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Martin seeking to shrug off bad luck, Van Avermaet chasing Classic win: Daily News Digest

by Shane Stokes

April 13, 2018

In today’s Daily News Digest: Martin seeking to shrug off bad luck and land success in Ardennes Classics; Van Avermaet trying to land first Classic win of 2018 in Amstel Gold; Strong QuickStep Floors trio announced for Amstel Gold Race; Verschueren out of competition due to malignant brain tumour; New Zealand men tussle for MTB gold, England’s Last takes women’s; Easton adds new gravel and adventure gearing options for EC90 SL crankset; Yeti builds a downhiller’s cross country bike, the SB100; Inaugural Australian Gravel National Championships announced; Boulie safety upgrade revealed; Video: The people of Paris-Roubaix; Video: Phil Gaimon’s “Worst Retirement Ever.” Taiwan KOM Challenge, Part 2: The race

Yeti builds a downhiller’s cross country bike, the SB100

by CyclingTips

Just yesterday, industry suspension leaders [Fox and RockShox each released longer travel and burlier cross country forks] to meet the forever more technical nature of cross country riding and racing. Now, Yeti joins the list, offering a progressive cross country bike.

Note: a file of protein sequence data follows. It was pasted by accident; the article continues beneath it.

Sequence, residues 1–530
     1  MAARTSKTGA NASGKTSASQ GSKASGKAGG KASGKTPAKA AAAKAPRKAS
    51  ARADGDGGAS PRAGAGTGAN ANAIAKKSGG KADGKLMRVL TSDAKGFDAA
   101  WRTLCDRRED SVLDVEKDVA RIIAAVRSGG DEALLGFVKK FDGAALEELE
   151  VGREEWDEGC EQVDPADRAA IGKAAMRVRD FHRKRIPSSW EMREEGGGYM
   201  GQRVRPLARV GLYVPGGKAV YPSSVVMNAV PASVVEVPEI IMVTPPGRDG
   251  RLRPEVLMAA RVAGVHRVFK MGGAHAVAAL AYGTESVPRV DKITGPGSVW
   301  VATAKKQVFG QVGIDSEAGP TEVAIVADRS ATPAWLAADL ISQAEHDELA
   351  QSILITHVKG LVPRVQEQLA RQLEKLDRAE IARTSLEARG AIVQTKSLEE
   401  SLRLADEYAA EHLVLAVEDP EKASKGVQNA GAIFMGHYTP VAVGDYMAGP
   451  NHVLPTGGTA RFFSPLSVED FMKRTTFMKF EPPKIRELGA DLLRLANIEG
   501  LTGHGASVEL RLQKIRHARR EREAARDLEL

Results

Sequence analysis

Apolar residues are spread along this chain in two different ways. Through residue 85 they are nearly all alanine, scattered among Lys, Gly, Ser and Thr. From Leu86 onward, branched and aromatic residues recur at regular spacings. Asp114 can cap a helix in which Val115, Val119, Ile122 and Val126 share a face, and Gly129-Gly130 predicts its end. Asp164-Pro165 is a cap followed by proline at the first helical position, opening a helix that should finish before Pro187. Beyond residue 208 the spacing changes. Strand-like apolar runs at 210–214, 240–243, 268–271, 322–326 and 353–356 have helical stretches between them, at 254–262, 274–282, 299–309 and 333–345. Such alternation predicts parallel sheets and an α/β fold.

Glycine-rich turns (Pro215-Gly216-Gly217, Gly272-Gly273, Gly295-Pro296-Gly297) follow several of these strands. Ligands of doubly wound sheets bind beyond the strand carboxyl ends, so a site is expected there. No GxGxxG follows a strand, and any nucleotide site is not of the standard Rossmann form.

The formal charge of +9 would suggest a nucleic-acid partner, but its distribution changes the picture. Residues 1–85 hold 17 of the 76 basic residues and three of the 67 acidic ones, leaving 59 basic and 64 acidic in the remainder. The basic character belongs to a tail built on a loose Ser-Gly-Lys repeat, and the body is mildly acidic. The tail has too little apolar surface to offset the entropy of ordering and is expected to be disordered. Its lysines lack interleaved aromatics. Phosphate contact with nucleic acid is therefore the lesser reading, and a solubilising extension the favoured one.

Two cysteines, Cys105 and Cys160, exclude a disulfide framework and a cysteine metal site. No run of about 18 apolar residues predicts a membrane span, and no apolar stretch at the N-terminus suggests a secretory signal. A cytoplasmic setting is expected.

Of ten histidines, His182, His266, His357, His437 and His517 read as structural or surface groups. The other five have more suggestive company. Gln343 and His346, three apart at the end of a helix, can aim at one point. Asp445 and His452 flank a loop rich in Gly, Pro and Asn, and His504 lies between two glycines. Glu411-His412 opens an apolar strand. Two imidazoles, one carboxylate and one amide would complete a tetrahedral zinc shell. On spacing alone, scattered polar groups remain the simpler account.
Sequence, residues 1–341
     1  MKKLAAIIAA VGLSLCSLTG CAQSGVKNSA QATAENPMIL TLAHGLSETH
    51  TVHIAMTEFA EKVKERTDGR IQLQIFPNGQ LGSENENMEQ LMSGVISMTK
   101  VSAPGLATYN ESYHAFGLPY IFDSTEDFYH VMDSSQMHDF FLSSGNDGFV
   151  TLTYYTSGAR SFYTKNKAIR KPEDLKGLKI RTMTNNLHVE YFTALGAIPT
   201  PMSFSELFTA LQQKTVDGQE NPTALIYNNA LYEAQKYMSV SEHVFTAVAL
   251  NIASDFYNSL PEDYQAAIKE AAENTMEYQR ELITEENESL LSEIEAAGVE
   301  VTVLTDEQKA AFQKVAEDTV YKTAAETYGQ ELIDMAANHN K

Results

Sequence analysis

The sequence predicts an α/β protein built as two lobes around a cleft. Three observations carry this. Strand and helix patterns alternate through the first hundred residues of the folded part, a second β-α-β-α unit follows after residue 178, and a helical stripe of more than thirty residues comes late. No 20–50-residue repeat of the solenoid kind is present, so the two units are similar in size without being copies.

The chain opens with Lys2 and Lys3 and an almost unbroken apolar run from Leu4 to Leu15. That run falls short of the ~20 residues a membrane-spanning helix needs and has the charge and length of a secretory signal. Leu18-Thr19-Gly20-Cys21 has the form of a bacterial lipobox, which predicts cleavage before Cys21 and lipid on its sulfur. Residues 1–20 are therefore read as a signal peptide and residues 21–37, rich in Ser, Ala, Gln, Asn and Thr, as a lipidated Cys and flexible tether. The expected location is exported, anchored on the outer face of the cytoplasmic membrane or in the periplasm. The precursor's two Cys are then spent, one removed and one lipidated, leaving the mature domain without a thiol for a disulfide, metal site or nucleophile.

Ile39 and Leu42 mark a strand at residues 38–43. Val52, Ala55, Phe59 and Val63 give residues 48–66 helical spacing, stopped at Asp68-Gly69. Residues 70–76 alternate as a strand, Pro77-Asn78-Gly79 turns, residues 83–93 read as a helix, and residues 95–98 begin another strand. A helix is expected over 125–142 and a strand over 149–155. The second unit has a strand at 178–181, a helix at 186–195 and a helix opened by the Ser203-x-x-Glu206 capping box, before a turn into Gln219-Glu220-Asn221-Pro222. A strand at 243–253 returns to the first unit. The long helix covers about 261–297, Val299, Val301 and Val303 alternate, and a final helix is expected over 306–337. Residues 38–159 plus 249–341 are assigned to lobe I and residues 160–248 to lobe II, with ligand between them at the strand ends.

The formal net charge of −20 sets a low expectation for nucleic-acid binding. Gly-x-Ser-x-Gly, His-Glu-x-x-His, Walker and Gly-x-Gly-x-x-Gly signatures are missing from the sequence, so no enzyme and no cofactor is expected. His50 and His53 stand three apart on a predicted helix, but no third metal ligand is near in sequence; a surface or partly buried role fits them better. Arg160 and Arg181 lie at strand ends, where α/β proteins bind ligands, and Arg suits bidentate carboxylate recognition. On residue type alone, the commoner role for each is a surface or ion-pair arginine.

With 100mm of rear wheel travel and a surprisingly slack, long and low geometry, the new SB100 is more a short-travel trail bike than it is a cross country racer. With a 120mm fork fitted, the head tube angle sits at 67.8-degrees. The 29er-wheeled platform uses a specific version of Yeti’s Switch Infinity suspension linkage design, altering the suspension curve to achieve both efficient pedalling in the initial stroke and bottomless-feeling control at the end.

Much like a number of close competitor bikes, the new SB100 is offered in two grades of carbon fibre. The top-tier “Turq” series, and the lower-priced “Carbon”, with the former claiming improved stiffness, compliance and a lower weight. The SB100 Turq frame is claimed to weigh 2.49kg (medium, inc rear shock), a weight higher than more traditional cross country race bikes, and mostly due to the emphasis on suspension quality. The frame is designed to fit one water bottle inside the front triangle.

Yeti’s new signing, Geoff Kabush, will be defending his BC Bike Race title onboard the SB100, a race that’s notorious for its technical terrain, and a good example of what the bike was built for. The SB100 Turq frame is priced at US$3,400, with complete bikes starting from US$5,999 (Carbon series frame), see Yeticycles.com for more information.

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